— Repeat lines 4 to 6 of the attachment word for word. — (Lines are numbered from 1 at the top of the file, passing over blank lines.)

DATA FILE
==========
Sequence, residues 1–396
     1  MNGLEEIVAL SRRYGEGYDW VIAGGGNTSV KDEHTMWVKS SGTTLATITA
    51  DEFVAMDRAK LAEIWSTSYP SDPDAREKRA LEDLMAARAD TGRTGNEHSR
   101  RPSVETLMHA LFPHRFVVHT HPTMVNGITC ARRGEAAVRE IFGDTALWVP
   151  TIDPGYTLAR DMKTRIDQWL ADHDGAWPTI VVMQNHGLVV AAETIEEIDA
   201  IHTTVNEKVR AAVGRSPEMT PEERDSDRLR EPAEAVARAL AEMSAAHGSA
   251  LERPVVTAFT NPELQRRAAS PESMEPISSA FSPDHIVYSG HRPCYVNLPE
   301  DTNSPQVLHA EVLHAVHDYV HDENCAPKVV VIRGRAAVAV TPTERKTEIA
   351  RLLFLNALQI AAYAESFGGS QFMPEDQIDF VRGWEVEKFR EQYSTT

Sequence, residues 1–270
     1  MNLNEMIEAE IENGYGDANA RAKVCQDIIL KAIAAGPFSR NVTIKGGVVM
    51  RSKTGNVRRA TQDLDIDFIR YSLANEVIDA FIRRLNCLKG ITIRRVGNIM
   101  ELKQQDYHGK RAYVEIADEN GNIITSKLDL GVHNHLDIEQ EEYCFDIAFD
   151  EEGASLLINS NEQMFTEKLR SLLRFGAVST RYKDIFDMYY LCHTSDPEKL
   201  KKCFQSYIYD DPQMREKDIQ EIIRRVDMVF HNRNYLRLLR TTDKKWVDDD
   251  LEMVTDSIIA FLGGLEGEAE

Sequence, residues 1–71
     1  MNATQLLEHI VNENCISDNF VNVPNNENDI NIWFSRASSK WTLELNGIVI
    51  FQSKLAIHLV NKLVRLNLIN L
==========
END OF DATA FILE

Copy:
   101  RPSVETLMHA LFPHRFVVHT HPTMVNGITC ARRGEAAVRE IFGDTALWVP
   151  TIDPGYTLAR DMKTRIDQWL ADHDGAWPTI VVMQNHGLVV AAETIEEIDA
   201  IHTTVNEKVR AAVGRSPEMT PEERDSDRLR EPAEAVARAL AEMSAAHGSA